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2.2. Why Write Shaders?

Until recently, OpenGL has presented application programmers with a flexible but static interface for putting graphics on the display device. As described in Chapter 1, you could think of OpenGL as a sequence of operations that occurred on geometry or image data as it was sent through the graphics hardware to be displayed on the screen. Various parameters of these pipeline stages could be altered to select variations on the processing that occurred for that pipeline stage. But neither the fundamental operation of the OpenGL graphics pipeline nor the order of operations could be changed through the OpenGL API.

By exposing support for traditional rendering mechanisms, OpenGL has evolved to serve the needs of a fairly broad set of applications. If your particular application was well served by the traditional rendering model presented by OpenGL, you may never need to write shaders. But if you have ever been frustrated because OpenGL did not allow you to define area lights, or because lighting calculations are performed per-vertex rather than perfragment or, if you have run into any of the many limitations of the traditional OpenGL rendering model, you may need to write your own OpenGL shader.

The OpenGL Shading Language and its supporting OpenGL API entry points allows application developers to define the processing that occurs at key points in the OpenGL processing pipeline by using a high-level programming language specifically designed for this purpose. These key points in the pipeline are defined to be programmable in order to give developers complete freedom to define the processing that occurs. This lets developers utilize the underlying graphics hardware to achieve a much wider range of rendering effects.

To get an idea of the range of effects possible with OpenGL shaders, take a minute now and browse through the color images that are included in this book. This book presents a variety of shaders that only begin to scratch the surface of what is possible. With each new generation of graphics hardware, more complex rendering techniques can be implemented as OpenGL shaders and can be used in real-time rendering applications. Here's a brief list of what's possible with OpenGL shaders:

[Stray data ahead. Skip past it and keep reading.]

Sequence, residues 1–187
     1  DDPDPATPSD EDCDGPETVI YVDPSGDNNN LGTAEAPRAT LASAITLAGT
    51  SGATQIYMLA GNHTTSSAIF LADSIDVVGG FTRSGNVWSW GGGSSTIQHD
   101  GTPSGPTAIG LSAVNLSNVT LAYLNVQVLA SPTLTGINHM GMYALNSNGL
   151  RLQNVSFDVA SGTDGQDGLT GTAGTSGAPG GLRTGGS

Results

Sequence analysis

• Increasingly realistic materialsmetals, stone, wood, paints, and so on

  • Increasingly realistic lighting effectsarea lights, soft shadows, and so on

  • Natural phenomenafire, smoke, water, clouds, and so on

  • Advanced rendering effectsglobal illumination, ray-tracing, and so on

  • Non-photorealistic materialspainterly effects, pen-and-ink drawings, simulation of illustration techniques, and so on

  • New uses for texture memorystorage of normals, gloss values, polynomial coefficients, and so on

  • Procedural texturesdynamically generated 2D and 3D textures, not static texture images

  • Image processingconvolution, unsharp masking, complex blending, and so on

  • Animation effectskey frame interpolation, particle systems, procedurally defined motion

  • User programmable antialiasing methods

  • General computationsorting, mathematical modeling, fluid dynamics, and so on

Many of these techniques have been available before now only through software implementations. If they were at all possible through OpenGL, they were possible only in a limited way. The fact that these techniques can now be implemented with hardware acceleration provided by dedicated graphics hardware means that rendering performance can be increased dramatically and at the same time the CPU can be off-loaded so that it can perform other tasks.

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